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Re: enriched-mode and switching major modes.

From: Stefan Monnier
Subject: Re: enriched-mode and switching major modes.
Date: Mon, 20 Sep 2004 16:04:51 -0400
User-agent: Gnus/5.1006 (Gnus v5.10.6) Emacs/21.3.50 (gnu/linux)

>>> It is basically as you said: you express your intents.  But rather
>>> than doing this via a command or markup language, you do it by
>>> interacting with a UI.
>> It's a false dichotomy: Emacs on a tty is a UI.
>> I guess what you mean to say here is that rather than representing the
>> intent as text you'd represent it somehow graphically.

> This is nitpicking.

Oh, sorry, I misunderstood (nitpicked as well, of course).  I was thinking
in terms of *reading*, not *writing*.  I find the visual representation of
the intent to be very important: if it weren't for that, indeed I wouldn't
care as much whether I was seeing the deep or surface representation.

> The point is that you express your intent while
> not caring about the particular encoding.

But getting the intent from the user to the data is "easy".  It's getting it
the other way around which is the harder part (unless you display the deep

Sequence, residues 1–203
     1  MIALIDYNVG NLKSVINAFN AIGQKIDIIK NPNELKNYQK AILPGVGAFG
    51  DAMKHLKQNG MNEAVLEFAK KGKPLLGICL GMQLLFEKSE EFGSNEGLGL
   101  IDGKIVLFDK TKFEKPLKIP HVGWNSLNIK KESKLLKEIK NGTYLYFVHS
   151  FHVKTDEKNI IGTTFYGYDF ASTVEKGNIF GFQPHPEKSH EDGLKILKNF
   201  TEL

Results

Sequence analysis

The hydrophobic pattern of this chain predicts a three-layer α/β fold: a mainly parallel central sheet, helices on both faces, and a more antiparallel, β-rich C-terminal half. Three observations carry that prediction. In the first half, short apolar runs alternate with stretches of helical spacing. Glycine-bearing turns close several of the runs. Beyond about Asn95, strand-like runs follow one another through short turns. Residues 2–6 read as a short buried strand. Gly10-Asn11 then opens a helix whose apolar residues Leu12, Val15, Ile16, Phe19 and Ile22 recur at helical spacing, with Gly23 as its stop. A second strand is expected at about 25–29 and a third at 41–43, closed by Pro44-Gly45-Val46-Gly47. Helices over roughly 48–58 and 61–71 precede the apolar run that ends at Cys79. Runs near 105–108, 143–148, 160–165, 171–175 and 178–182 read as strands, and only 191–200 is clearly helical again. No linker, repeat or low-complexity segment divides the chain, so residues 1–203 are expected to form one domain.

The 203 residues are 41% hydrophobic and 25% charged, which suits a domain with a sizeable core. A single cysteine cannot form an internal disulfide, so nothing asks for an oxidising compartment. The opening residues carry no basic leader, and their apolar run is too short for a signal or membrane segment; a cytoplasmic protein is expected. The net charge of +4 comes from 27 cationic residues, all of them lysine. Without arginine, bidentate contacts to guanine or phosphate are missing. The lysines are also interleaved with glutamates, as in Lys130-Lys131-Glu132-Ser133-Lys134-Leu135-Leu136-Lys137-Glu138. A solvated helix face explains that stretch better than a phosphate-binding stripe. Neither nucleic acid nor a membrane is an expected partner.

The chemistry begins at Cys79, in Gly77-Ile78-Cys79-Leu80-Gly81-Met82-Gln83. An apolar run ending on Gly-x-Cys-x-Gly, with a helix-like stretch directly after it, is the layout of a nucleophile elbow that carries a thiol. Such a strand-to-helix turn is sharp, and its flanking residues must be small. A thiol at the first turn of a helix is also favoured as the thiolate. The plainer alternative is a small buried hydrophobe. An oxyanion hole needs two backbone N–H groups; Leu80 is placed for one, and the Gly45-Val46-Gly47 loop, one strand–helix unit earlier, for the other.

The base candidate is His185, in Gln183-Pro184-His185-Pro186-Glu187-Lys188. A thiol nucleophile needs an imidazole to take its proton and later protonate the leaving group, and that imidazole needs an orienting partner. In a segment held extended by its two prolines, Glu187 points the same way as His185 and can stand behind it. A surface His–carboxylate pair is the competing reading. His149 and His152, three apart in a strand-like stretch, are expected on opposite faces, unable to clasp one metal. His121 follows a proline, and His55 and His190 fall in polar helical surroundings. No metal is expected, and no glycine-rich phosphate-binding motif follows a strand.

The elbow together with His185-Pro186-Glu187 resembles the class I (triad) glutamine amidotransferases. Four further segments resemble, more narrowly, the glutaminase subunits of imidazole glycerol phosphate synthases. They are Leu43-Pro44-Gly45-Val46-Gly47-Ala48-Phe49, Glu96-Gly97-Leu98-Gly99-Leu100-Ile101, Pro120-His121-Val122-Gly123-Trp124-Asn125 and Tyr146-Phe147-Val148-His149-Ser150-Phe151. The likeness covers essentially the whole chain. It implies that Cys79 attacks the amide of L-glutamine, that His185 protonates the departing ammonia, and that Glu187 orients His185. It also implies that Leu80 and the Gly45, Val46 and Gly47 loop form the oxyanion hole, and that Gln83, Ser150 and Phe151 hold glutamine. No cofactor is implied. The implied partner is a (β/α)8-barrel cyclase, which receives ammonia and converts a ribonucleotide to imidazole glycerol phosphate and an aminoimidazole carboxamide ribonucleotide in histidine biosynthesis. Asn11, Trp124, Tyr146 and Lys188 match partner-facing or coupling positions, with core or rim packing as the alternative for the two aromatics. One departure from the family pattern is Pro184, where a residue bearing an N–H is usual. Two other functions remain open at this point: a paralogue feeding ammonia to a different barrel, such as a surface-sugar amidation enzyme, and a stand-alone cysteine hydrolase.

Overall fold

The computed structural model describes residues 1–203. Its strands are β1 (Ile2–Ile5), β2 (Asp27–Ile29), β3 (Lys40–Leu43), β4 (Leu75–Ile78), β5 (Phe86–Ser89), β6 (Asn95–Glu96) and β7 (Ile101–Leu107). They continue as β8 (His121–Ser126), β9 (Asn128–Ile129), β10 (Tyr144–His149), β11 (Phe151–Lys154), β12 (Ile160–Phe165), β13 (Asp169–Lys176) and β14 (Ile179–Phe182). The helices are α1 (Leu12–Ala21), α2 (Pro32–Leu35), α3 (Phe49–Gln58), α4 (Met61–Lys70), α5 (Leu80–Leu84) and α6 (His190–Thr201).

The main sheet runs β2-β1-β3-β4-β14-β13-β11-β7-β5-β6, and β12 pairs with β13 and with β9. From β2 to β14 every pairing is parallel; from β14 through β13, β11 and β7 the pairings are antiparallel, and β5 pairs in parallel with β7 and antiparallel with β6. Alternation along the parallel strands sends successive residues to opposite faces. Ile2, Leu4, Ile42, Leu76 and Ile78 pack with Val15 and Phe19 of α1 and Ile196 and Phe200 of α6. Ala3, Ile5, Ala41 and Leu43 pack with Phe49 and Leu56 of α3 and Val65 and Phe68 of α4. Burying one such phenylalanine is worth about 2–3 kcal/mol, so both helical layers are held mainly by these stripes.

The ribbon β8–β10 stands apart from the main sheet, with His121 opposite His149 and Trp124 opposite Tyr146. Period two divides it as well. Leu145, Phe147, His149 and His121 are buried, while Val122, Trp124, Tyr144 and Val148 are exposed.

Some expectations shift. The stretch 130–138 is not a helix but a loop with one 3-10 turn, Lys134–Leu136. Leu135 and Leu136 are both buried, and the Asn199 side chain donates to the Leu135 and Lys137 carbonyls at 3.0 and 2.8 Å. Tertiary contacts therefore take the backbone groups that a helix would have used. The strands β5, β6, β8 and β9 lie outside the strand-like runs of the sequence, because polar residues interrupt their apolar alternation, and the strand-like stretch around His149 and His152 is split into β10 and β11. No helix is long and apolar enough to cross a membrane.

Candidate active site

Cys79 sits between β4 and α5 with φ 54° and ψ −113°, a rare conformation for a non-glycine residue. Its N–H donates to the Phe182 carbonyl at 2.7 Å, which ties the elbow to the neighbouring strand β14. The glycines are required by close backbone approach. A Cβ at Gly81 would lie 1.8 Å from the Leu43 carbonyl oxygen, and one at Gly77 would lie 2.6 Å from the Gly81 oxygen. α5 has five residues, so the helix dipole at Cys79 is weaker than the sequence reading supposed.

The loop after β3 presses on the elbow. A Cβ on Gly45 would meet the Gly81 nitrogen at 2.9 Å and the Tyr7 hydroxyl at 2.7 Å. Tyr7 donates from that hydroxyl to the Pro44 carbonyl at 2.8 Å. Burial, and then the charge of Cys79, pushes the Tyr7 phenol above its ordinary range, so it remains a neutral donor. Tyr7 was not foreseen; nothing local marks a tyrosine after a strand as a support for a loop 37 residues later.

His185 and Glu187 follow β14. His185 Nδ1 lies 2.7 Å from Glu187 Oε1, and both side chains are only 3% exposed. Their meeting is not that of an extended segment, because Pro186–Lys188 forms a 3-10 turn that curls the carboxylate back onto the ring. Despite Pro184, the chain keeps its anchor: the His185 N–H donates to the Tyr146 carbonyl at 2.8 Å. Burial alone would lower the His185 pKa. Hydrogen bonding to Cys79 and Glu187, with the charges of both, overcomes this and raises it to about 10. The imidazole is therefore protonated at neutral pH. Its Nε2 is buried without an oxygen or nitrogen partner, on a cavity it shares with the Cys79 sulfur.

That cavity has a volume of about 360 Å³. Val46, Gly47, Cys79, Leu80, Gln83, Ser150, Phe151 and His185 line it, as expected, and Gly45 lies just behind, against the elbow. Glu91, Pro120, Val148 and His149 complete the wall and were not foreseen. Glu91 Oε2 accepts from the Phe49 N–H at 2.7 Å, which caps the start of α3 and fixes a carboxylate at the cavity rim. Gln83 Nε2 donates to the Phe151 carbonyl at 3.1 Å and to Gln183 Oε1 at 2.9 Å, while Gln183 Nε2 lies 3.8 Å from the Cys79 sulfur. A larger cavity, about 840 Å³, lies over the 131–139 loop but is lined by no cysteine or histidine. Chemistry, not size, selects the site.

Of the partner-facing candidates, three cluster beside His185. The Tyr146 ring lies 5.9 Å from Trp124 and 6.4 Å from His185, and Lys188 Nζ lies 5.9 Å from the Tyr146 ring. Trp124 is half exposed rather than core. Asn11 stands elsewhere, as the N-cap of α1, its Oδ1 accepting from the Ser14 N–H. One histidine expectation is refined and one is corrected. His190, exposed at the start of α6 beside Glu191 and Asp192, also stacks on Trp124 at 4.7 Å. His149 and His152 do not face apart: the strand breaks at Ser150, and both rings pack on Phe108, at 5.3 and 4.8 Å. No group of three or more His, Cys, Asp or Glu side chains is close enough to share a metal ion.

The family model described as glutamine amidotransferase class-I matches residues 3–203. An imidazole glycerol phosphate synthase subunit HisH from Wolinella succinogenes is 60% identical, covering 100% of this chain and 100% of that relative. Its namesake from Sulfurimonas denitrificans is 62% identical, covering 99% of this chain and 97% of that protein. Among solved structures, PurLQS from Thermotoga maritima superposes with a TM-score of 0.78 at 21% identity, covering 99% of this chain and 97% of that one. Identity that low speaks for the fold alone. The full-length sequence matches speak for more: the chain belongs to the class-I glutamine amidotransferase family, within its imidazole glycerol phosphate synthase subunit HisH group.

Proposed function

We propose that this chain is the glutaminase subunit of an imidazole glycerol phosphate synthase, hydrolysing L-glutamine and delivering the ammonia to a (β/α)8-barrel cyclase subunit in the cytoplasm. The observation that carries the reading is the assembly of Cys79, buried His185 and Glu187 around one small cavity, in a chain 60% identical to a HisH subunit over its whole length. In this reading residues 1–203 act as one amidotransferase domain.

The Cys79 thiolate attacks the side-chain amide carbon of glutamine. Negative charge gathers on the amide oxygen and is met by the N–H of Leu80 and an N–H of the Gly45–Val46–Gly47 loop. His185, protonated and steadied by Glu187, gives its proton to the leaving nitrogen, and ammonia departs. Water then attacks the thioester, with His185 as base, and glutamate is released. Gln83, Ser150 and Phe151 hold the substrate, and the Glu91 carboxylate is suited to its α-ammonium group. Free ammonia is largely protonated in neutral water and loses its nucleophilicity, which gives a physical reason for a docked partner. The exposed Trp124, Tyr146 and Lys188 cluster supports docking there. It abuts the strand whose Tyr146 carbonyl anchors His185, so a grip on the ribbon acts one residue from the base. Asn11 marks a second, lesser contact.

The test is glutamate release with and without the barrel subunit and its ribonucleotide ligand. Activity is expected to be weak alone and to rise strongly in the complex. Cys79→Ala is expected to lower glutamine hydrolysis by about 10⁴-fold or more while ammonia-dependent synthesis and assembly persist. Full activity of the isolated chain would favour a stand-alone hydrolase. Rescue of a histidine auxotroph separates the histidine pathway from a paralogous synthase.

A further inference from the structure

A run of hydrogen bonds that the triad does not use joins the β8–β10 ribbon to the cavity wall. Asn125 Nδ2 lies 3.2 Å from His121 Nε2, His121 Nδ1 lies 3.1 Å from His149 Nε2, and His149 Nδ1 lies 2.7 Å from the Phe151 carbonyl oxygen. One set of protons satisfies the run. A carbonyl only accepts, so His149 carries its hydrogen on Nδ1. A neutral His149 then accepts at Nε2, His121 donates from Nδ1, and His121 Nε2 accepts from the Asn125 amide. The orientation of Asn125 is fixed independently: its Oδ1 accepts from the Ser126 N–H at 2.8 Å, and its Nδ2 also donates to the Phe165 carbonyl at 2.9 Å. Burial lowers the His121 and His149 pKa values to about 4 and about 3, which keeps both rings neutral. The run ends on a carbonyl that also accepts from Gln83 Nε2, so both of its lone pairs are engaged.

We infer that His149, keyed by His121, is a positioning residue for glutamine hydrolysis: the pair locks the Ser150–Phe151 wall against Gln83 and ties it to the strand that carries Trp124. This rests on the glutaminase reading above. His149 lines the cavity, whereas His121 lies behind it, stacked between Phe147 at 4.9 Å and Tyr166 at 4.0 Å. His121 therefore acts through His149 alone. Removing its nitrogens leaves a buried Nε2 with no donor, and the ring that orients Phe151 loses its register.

representation, that is).

>> So you don't actually get to see the abstract representation, even though
>> that's really what you're editing.  I.e. you're still editing somewhat
>> blind-folded.

> "somewhat blind-folded" is a vast exaggeration.

I hope you now better understand what I meant by that.

>>> The benefit is that you do this while looking at the "surface
>>> expression".
>> With something like WhyzzyTeX I get to edit while seeing (rather than
>> "looking at") the surface expression.
> I think I already understood that you like this way of editing.  Now,
> it seems that I also have to understand that in your view this is the
> Only True Way of Editing.

I don't think it's the one true way.  I just think it's an interesting point
in the design space, like preview-latex, tex-mode, Lyx, TeXmacs, FrameMaker,
OpenOffice, ...

> Do you really think, that /I/ or anybody else who wants "word
> processing" in Emacs would be content with WhyzzyTeX-style functionality?

I'm sorry if you got the impression I thought the answer is yes.

> A gedankenexperiment: Suppose we have the inverse of WhizzyTeX: you edit
> the visual appearance WP-style and Emacs would constantly update the
> encoded document in a read-only buffer and show it in another window.

It's not the inverse.  WhyzzyTeX (assuming it's implemented differently so
as to work around the severely rough edges) does exactly that, both ways:
the only detail is whether the window manager's focus is on one window
rather than another.


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